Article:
The worst of the “fiscal cliff” impact may have been averted, at least for the moment. But now investors face a new concern: The debt ceiling drama and its affect on fixed income assets.
The U.S. reached the current statutory debt limit of $16.4 trillion on December 31, 2012. And the Treasury Department has been employing creative financing measures ever since to finance about $200 billion in deficits in 2013.
This means Congress must act, again, as early as mid-February to prevent a U.S. debt default. Recall that a similar debt drama played out in the summer of 2011 leading to a downgrade of the U.S. credit rating. Now here we go again!
Washington essentially kicked the can down the road again with some tax increases, but no meaningful spending cuts. Instead, the $110 billion in automatic spending cuts have been delayed for a couple more months. In other words, this deal does little to address America’s chronic deficits.
As a result, we can surely expect more volatility in financial markets early this year as the debt ceiling drama plays out.
The Bond Market Will Likely
Get Hurt More Than the Stock Market
With fiscal cliff uncertainty hanging over the markets in recent weeks, you might have expected U.S. Treasury bond prices to surge higher. That’s the typical flight-to-safety trade we’ve seen in the past, including the last debt ceiling drama in 2011. But the opposite happened this time around.
In fact, Treasury bonds have been falling steadily in price with interest rates rising in recent weeks. The iShares Barclays 20 Year Treasury Bond ETF (TLT), which tracks long-term government bonds, was one of the worst performing during the month of December, falling 2.9 percent. And it was down for full-year 2012 while the S&P 500 Index gained 13.5 percent.
The question for investors: Is this just a short-term reversal for Treasury bonds, or a lasting shift in trend.
Treasury bonds have been enjoying an unprecedented bull market since interest rates peaked in 1981. In the three decades since then, 10-year U.S. Treasury bond yields have declined from a high of 14 percent, to just 1.5 percent last year.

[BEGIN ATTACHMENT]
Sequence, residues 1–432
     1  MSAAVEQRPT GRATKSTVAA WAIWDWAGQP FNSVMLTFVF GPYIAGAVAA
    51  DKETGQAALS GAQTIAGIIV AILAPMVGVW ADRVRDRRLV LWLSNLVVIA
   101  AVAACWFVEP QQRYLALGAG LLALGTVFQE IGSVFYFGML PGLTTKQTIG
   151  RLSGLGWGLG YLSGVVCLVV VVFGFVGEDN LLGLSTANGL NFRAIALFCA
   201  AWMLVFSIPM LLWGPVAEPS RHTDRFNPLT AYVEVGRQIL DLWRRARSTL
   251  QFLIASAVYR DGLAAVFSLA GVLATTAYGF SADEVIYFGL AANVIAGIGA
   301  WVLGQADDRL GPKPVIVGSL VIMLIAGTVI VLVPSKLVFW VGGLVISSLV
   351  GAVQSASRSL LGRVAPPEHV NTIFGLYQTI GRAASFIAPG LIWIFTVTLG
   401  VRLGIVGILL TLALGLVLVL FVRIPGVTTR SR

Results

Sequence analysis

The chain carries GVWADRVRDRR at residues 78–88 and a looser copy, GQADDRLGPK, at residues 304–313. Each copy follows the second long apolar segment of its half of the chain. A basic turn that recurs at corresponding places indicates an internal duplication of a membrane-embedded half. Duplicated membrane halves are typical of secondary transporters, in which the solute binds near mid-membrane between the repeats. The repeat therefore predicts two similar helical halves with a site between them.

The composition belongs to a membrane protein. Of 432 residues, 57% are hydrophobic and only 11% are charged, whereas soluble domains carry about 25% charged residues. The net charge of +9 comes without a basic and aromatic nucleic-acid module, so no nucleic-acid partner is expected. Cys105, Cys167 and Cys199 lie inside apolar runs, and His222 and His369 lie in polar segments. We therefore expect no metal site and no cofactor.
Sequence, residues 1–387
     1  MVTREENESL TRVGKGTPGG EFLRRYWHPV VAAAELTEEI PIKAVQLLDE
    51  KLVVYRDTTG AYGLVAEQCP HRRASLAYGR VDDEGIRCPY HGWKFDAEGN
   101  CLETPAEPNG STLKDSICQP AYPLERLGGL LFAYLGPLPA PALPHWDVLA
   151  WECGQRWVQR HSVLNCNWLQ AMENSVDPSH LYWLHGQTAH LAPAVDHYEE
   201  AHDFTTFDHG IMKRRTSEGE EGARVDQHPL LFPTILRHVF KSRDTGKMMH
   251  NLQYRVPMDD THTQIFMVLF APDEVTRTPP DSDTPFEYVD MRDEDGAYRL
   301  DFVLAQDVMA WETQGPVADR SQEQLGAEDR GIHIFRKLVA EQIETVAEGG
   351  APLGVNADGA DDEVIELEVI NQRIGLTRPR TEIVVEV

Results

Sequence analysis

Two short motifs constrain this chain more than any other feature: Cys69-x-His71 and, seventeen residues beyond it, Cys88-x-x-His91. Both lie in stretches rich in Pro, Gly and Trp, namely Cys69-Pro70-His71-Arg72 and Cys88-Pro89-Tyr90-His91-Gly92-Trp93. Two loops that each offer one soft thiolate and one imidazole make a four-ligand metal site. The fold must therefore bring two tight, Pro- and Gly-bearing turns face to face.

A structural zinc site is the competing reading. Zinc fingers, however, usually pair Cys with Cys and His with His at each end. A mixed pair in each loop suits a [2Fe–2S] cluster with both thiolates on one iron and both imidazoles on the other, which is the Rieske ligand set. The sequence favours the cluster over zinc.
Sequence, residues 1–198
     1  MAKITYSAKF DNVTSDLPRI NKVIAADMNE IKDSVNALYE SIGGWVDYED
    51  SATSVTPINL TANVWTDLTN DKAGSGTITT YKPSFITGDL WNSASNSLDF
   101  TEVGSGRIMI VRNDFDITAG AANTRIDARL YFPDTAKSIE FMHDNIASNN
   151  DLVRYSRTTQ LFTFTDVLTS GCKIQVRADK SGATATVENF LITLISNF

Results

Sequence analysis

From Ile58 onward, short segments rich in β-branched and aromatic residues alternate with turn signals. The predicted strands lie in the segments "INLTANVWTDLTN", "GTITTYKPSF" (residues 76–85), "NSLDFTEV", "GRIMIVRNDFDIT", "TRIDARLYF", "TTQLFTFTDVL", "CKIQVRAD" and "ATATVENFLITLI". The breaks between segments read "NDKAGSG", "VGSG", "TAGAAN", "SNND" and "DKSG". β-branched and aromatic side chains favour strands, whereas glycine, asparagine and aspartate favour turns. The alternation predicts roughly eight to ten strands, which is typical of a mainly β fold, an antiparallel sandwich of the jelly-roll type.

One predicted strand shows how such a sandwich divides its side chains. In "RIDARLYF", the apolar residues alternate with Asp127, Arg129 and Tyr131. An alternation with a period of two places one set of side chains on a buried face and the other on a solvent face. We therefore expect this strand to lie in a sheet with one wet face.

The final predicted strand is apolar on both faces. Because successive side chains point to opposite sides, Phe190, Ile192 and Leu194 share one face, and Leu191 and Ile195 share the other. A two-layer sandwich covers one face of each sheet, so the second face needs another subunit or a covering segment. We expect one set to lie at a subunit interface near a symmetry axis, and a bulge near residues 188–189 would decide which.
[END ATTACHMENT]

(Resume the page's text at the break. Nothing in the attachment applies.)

The corresponding gains for bond holders in recent years have been impressive. In fact, TLT has produced total returns of 11.2 percent over the past five years, and 7.8 percent over the past decade.
These equity-like returns are well above the norm for fixed income funds. And just like the unsustainably high returns for stock funds during the 1990s, they certainly can’t be counted on going forward.
The Risks Ahead …
After such a dramatic decline for interest rates, it’s clear the risks are on the upside with higher rates likely in the years ahead. In fact, it’s only a question of when — not if — yields will begin a sustained uptrend with bond prices falling.
And don’t think for a minute that it’s only Treasury bonds that are vulnerable.
Indeed, mutual fund and ETF flows follow returns. And performance-chasing investors have poured a lot of money into bond funds and ETFs of all types in recent years. High quality corporate bonds have performed particularly well with average returns of nearly 10 percent annually over the past three decades.
Money has poured into bond funds and ETFs as a result. In 1984 total fund holdings of corporate debt was just $16 billion. But today funds hold more than $1.8 trillion — about 18 percent of the value of the entire U.S. corporate bond market, according to Merrill Lynch research!
So the big risk is that bond fund and ETF investors could stampede to sell at the slightest hint of an uptrend in interest rates. Such bond fund outflows could easily feed into a vicious cycle of plunging bond prices pushing higher interest rates even higher and prompting more selling.
It’s important you realize that even a relatively small uptick in interest rates can have a large negative impact on price. Take TLT as an example.
In 2010, 10-year Treasury yields rose from a low of 2.5 percent in October to a high of 3.7 percent by February 2011. That’s a yield increase in interest rates of just 1.2 percent. But the price of TLT fell by 18 percent over the same period.
A bigger backup in interest rates happened in 2009, and TLT plunged over 26 percent in value. In fact, interest rate fluctuations of this kind are quite normal; typically they occur just about every year.
Soon we’ll experience another uptick in yields, you can count on that. But at some point, interest rates will just keep on rising, signaling a new secular bear market for bonds. So if you own fixed income funds and ETFs, you better stay alert for this major shift in market trend.
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